Endometriosis is a painful medical condition which mostly affects women during their fertile years — that is, in the child-bearing age. This condition is manifested in the form of an abnormal growth of the endometrial cells which are similar to the cells that line the inside of the uterus, but are located outside the uterus, mainly on the ovaries or in the fallopian tubes.
As a result of the abnormal growth of endometrial cells in women suffering from Endometriosis, an inflammatory process is triggered, because of which these cells start reproducing themselves and can spread out to other parts of the body as well. Depending on the extent of the abnormal growth of endometrial cells, the cases of Endometriosis are categorized as ‘mild,’ ‘moderate,’ or ‘severe.’
Despite the fact that approximately 10 percent women aged between 25 and 40 years are affected by Endometriosis, this medical condition is either never diagnosed at all or is misdiagnosed. As such, the proper diagnosis of this condition is extremely important, especially because it adversely affects a woman’s sexual and reproductive health.
Though the precise cause of Endometriosis is yet to be identified by medical experts, and most women do not show any specific symptoms, there are some indicators that hint at the possibility of this condition. The seven signs and symptoms discussed below can be considered the common indicators of Endometriosis:
One of the most disturbing symptoms of Endometriosis is infertility in women. According to estimates, nearly 32 percent of the women affected by this condition are not able to get pregnant, particularly due to the damage which the scar tissue causes to the ovaries and the walls of the womb. Endometriosis not only makes it difficult for a woman to conceive, but is also linked to a high risk of miscarriage.
Heavy, painful periods
Extremely heavy periods and clots in period blood, along with excessive pain, are generally another important symptom of Endometriosis. Women who are affected by the condition often experience excruciating pain one week before and one week after their periods. The pain can cause cramping and discomfort. Moreover, as the abnormal growth of the endometrial cells gets bigger, the women suffering from Endometriosis start getting much heavier periods.
One of the most obvious and typical signs of Endometriosis is pelvic pain which becomes quite unbearable during periods. Though pelvic pain can be chronic for most women affected by this condition, the pain usually becomes very agonizing during their periods. The pain is mostly quite intense in the lower abdomen and lower back, but some women may also experience ‘shooting pain’ in the back, rectum, or groin.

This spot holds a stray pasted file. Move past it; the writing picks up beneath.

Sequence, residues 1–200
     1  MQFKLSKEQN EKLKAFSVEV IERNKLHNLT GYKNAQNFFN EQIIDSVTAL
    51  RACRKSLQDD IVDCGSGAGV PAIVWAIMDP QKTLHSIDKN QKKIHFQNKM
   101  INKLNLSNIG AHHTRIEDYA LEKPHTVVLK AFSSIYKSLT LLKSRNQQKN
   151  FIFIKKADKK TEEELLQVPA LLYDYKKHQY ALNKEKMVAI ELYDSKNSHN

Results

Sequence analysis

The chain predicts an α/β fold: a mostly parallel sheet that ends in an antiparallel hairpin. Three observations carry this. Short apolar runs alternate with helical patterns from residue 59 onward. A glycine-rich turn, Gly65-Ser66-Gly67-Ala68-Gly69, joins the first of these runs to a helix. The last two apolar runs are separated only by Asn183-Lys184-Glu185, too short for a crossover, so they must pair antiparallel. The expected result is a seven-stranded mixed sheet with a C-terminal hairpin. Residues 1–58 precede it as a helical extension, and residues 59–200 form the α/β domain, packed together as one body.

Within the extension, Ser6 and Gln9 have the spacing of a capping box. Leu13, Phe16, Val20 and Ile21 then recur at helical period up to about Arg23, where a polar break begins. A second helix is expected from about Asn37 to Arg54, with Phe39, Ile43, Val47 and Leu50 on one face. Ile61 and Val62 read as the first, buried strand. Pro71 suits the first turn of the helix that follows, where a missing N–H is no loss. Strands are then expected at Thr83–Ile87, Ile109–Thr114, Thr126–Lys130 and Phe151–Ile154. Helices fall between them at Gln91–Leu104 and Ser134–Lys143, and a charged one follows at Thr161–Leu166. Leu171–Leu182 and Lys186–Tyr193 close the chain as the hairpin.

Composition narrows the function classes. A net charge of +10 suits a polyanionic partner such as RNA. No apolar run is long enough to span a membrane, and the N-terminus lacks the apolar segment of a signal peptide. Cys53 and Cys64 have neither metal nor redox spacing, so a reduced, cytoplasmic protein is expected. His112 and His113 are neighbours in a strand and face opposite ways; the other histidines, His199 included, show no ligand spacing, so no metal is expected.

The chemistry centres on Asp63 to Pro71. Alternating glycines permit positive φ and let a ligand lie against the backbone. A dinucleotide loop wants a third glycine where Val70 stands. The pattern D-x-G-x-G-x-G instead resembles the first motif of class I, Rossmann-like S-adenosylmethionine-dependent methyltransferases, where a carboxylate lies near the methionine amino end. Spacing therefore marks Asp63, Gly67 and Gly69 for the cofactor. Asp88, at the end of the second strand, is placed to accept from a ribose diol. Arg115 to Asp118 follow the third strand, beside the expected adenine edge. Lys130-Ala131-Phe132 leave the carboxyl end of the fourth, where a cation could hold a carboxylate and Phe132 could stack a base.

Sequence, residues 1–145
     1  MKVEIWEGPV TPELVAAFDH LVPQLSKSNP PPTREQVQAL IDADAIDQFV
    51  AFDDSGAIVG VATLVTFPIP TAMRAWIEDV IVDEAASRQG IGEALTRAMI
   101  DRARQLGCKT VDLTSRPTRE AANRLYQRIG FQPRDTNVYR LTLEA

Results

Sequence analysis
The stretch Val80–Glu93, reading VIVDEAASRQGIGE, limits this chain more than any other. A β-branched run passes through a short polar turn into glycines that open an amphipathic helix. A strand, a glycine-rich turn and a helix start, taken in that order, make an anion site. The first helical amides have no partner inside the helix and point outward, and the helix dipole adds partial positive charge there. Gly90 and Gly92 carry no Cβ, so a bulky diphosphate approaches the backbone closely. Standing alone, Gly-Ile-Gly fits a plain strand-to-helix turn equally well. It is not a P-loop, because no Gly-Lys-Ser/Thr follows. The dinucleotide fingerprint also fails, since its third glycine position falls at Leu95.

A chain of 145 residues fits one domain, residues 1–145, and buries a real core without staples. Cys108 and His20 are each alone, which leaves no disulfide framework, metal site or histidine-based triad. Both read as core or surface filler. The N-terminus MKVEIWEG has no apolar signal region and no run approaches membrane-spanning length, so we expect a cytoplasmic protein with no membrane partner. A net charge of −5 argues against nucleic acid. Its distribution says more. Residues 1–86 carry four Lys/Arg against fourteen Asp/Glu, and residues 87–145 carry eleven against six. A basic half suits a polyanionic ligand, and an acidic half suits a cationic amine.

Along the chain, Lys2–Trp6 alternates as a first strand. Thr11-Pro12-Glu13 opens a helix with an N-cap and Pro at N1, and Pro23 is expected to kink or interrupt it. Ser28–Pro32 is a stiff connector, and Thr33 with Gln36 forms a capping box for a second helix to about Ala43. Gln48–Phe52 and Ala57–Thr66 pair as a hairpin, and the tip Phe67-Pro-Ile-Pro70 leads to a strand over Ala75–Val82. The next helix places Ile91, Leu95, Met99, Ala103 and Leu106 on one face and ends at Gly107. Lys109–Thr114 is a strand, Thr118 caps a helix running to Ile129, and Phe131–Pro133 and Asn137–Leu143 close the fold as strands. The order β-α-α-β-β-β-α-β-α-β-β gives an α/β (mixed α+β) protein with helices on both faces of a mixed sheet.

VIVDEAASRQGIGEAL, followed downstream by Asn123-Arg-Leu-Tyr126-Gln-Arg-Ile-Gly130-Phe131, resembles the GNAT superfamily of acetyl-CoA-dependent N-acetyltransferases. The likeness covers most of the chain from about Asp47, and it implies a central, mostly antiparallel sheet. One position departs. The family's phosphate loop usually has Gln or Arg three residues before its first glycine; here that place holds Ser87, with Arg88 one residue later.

Pain during sexual intimacy
Another significant indictor of Endometriosis is painful intercourse, combined with abdominal pain. Women who suffer from this condition often experience pain during the sexual act and after it. In some cases, this pain continues to linger on for several days after sex. In fact, sex during and after the periods can become extremely painful because of the inflammation of the endometrial tissue.
Pain with bowel movements or during urination
Endometriosis can cause painful bowel movements — and also blood in stool — because the endometrial tissue may get implanted on the inner sides of the intestines, leading to bowel obstructions. Moreover, this condition can also cause painful urination when it affects the entire urinary tract; as well as intestinal pain, constipation and diarrhoea. Since some of these symptoms are commonly associated with a gastrointestinal problem or food intolerance, Endometriosis is often misdiagnosed and confused with these problems.
Pain in the back
Back pain is also one of the important symptoms of Endometriosis. Women suffering from this condition often experience severe back pain, especially before, during and immediately after their periods. This reason for this back pain — which may also sometimes radiate to the chest — could be the contraction of the uterus, or the damage which the endometrial tissue causes when it grows around the internal organs.
Fatigue, or a feeling of tiredness, could also be one of the signs of Endometriosis. Women suffering from this problem may often feel exhausted and find it difficult to carry out daily tasks because of the damage caused by the implanted tissues and scarring. Furthermore, since endometrial tissues can also lead to hormonal imbalances, women affected by Endometriosis may experience fatigue around the time of their periods.
In conclusion, the above-mentioned symptoms could be significant indicators of Endometriosis. Women who experience these symptoms should consult a doctor without further delay, so as to get relief from the problem either through medication or surgery.